dp,. zp m m ii~il i

he scoreboard in the early part of game two. A determined group
'knobs stood upright in the dug-out and said, 'Doggone, now
ust got to win.' But they lost."
nner conversation changed radically. "I'm really glad I've got
liva on the Kisses. That 31 on 63 on his card is fantastic against
reliever in hit-and-run situations, coming up behind Reggie
T THE APBA season was rudely interrupted last week by the
cial from Washington. The four managers had all been watching
ether at our apartment. At 9:15 I called from the library for
Dan told me they had all received numbers under 108.
r a few days the managers sat about the apartment discussing
>pective merits of Canada, a five-year teaching deferment and
thing was resolved.
.e APBA league is now back in session. If Terry's Nodes take the
ame of the season (no. 100, each game takes approximately 20
s) from Ken's Rednecks, then Tom's Honkos will be champions
Gort division and face Dan's Knobs in the World Series.
e losers will treat the World Series winner to a victory banquet
Knapp's. Plans are also underway for the next season.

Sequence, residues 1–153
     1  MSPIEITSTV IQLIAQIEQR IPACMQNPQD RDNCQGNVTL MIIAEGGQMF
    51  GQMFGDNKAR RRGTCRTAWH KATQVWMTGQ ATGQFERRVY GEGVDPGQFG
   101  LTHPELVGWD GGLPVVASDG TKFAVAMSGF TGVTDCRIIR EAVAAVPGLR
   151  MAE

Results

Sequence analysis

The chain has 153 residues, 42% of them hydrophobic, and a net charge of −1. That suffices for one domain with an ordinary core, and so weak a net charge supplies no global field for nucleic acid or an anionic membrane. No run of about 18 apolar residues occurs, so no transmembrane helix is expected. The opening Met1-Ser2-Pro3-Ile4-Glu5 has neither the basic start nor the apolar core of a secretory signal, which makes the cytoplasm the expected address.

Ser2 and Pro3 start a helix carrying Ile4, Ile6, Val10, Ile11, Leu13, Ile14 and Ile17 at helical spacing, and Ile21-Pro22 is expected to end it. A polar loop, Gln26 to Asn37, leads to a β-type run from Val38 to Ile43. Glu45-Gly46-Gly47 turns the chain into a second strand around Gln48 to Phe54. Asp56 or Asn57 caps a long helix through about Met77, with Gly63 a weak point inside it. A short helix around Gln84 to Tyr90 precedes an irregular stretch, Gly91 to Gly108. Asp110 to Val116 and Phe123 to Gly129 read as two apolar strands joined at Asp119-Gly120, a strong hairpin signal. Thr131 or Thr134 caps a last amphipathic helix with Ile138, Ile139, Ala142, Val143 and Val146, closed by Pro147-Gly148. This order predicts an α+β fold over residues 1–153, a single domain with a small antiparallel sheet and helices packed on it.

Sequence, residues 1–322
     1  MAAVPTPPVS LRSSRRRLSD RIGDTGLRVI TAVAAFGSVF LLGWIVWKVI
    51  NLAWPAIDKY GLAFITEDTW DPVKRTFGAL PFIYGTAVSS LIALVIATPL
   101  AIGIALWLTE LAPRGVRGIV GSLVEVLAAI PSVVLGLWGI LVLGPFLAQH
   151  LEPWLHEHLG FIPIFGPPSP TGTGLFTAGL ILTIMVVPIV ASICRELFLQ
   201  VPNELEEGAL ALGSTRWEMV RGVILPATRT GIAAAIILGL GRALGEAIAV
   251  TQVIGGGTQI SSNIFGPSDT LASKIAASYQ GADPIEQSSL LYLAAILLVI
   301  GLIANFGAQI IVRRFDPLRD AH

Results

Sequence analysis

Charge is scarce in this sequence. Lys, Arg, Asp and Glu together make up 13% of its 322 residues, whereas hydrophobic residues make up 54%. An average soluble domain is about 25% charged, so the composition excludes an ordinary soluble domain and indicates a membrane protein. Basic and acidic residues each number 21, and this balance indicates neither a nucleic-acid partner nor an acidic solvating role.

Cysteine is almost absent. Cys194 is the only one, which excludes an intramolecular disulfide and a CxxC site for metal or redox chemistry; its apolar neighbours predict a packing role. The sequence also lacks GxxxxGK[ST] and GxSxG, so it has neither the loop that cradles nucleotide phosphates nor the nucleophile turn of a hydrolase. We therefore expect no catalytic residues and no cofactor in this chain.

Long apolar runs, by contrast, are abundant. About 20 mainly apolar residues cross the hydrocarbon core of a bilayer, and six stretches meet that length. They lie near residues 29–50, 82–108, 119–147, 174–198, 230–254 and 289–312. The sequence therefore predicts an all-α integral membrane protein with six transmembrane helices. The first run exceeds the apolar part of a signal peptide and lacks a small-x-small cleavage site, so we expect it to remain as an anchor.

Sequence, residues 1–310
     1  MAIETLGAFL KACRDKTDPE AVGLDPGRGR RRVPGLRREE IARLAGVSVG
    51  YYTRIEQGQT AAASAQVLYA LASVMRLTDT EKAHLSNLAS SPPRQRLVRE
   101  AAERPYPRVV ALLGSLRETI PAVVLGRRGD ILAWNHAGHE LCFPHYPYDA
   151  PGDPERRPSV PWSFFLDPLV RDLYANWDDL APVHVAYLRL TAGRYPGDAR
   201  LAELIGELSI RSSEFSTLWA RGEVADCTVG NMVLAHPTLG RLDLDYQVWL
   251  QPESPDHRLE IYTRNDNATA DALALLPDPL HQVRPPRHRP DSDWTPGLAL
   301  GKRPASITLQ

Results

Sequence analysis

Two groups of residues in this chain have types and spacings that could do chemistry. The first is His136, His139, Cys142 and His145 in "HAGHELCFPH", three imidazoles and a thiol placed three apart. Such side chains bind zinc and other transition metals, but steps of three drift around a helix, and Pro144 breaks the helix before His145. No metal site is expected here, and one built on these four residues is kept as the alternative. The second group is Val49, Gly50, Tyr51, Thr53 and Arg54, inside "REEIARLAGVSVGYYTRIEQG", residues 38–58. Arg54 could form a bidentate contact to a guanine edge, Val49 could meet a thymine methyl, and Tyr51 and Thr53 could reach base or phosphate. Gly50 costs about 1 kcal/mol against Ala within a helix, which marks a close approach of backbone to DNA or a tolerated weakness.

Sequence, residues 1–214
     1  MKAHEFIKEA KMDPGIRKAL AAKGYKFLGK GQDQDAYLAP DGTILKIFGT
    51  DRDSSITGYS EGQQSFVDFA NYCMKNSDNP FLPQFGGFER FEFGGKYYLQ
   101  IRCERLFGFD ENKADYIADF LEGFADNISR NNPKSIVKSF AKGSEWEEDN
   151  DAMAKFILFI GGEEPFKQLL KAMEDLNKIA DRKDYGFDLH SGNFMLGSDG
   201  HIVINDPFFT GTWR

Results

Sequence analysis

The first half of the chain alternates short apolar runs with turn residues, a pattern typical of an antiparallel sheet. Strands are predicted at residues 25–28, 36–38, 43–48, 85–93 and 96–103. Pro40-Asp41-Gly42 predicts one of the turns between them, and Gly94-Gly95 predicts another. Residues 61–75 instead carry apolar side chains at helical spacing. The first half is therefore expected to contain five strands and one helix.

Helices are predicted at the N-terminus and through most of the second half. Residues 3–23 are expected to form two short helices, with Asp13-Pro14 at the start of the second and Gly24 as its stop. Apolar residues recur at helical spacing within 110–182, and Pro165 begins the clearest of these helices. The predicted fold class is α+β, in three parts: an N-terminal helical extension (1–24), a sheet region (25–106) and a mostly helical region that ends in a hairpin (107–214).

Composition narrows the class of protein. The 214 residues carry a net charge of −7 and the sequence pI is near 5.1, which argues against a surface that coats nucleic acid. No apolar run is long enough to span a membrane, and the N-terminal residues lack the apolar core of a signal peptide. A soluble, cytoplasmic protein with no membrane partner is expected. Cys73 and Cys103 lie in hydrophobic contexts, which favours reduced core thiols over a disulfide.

E POINT OF ALL this should be obvious. My roommates should
ridiculed as deviants. Hardly. They are breaking new ground
nation therapy. I write this article as a public service.
you've abandoned all hope of finding a niche at this institution,
11 have five months to waste by all means try APBA. It works
s. Absurd, of course. But infinitely more sensible than lectures,
tests, Vietnam and the lottery. Less expensive than drugs and
ntellectually stimulating than TV or the UGLI death culture.


' S.

No claims of
helling of an Cornmon courtesy
ed was an al- To the Editor:
tinuous shel- LAST NIGHT I had the oh-
the way, if portunity of attending a College
pute between Republican Club meeting at which
armers in Is- Senator Huber was the principle
y shelling by speaker.
Unfortunately, I was unable to
ahan support hear Senator Huber's address be-
tiny area of cause twenty or' thirty of my
force in 1948 "liberators" were in attendance
in 1949, but giving a lesson in rational dia-
objecting to logue.
ims to the When one is dealing with fund-
'ied in 1967? amental world problems I suppose
e to find an it is trite to worry about common
)mitting the courtesy.
n newspaper Yet, when one is unwilling to let
ct that Syria both sides present their views, then
nbatant that no problems will be solved.
rejected, and
Ats, the Nov -Keith Hartwell, '71
uncil resolu- Dec. 8
aceful settle-
mela Jones Bogentu
ac. 7 To the Editor:
I MUST compliment Drew Boge-
f ree(Iom m la on hi.' perceptive insights into
this country's auto-mania. But the
damage done to one's peaceful
SENATE re- existence by automobiles is not
ROTC be limited to traffic accidents and air
credit, lose pollution, as anyone who has tried